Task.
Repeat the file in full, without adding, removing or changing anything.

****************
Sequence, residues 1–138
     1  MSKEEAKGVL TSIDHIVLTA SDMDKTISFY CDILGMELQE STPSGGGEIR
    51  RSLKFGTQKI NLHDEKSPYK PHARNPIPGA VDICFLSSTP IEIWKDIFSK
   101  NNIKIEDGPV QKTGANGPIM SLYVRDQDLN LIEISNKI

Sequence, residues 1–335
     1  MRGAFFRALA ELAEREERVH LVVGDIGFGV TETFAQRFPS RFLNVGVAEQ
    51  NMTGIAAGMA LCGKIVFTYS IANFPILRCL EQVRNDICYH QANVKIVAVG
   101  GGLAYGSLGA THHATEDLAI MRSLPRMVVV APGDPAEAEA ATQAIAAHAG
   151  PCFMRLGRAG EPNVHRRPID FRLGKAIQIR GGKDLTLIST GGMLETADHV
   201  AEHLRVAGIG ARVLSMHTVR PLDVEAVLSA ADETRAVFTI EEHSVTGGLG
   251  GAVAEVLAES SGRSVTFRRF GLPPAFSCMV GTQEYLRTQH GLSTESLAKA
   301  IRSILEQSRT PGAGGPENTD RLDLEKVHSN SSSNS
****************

Sequence, residues 1–138
     1  MSKEEAKGVL TSIDHIVLTA SDMDKTISFY CDILGMELQE STPSGGGEIR
    51  RSLKFGTQKI NLHDEKSPYK PHARNPIPGA VDICFLSSTP IEIWKDIFSK
   101  NNIKIEDGPV QKTGANGPIM SLYVRDQDLN LIEISNKI

Sequence, residues 1–335
     1  MRGAFFRALA ELAEREERVH LVVGDIGFGV TETFAQRFPS RFLNVGVAEQ
    51  NMTGIAAGMA LCGKIVFTYS IANFPILRCL EQVRNDICYH QANVKIVAVG
   101  GGLAYGSLGA THHATEDLAI MRSLPRMVVV APGDPAEAEA ATQAIAAHAG
   151  PCFMRLGRAG EPNVHRRPID FRLGKAIQIR GGKDLTLIST GGMLETADHV
   201  AEHLRVAGIG ARVLSMHTVR PLDVEAVLSA ADETRAVFTI EEHSVTGGLG
   251  GAVAEVLAES SGRSVTFRRF GLPPAFSCMV GTQEYLRTQH GLSTESLAKA
   301  IRSILEQSRT PGAGGPENTD RLDLEKVHSN SSSNS